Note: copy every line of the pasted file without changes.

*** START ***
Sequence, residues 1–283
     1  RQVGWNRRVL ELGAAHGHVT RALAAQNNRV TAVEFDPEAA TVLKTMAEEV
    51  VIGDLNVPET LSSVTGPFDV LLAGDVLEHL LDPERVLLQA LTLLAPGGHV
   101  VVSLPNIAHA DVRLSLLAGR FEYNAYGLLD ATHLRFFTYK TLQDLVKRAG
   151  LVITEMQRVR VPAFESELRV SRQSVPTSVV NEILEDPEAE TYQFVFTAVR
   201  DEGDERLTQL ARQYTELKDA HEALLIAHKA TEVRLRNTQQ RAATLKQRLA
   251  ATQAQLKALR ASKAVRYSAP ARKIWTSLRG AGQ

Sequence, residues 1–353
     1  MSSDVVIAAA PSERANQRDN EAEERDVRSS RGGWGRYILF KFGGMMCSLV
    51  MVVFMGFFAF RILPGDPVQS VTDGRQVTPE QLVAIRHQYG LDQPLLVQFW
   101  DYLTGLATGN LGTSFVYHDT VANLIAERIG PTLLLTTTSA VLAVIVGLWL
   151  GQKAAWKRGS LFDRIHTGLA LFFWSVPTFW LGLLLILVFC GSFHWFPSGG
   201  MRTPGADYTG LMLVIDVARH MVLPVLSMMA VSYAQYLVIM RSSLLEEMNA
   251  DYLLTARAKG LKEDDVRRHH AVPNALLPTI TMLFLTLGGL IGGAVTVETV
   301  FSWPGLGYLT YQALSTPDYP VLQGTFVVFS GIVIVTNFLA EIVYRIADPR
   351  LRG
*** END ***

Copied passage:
Sequence, residues 1–283
     1  RQVGWNRRVL ELGAAHGHVT RALAAQNNRV TAVEFDPEAA TVLKTMAEEV
    51  VIGDLNVPET LSSVTGPFDV LLAGDVLEHL LDPERVLLQA LTLLAPGGHV
   101  VVSLPNIAHA DVRLSLLAGR FEYNAYGLLD ATHLRFFTYK TLQDLVKRAG
   151  LVITEMQRVR VPAFESELRV SRQSVPTSVV NEILEDPEAE TYQFVFTAVR
   201  DEGDERLTQL ARQYTELKDA HEALLIAHKA TEVRLRNTQQ RAATLKQRLA
   251  ATQAQLKALR ASKAVRYSAP ARKIWTSLRG AGQ

Sequence, residues 1–353
     1  MSSDVVIAAA PSERANQRDN EAEERDVRSS RGGWGRYILF KFGGMMCSLV
    51  MVVFMGFFAF RILPGDPVQS VTDGRQVTPE QLVAIRHQYG LDQPLLVQFW
   101  DYLTGLATGN LGTSFVYHDT VANLIAERIG PTLLLTTTSA VLAVIVGLWL
   151  GQKAAWKRGS LFDRIHTGLA LFFWSVPTFW LGLLLILVFC GSFHWFPSGG
   201  MRTPGADYTG LMLVIDVARH MVLPVLSMMA VSYAQYLVIM RSSLLEEMNA
   251  DYLLTARAKG LKEDDVRRHH AVPNALLPTI TMLFLTLGGL IGGAVTVETV
   301  FSWPGLGYLT YQALSTPDYP VLQGTFVVFS GIVIVTNFLA EIVYRIADPR
   351  LRG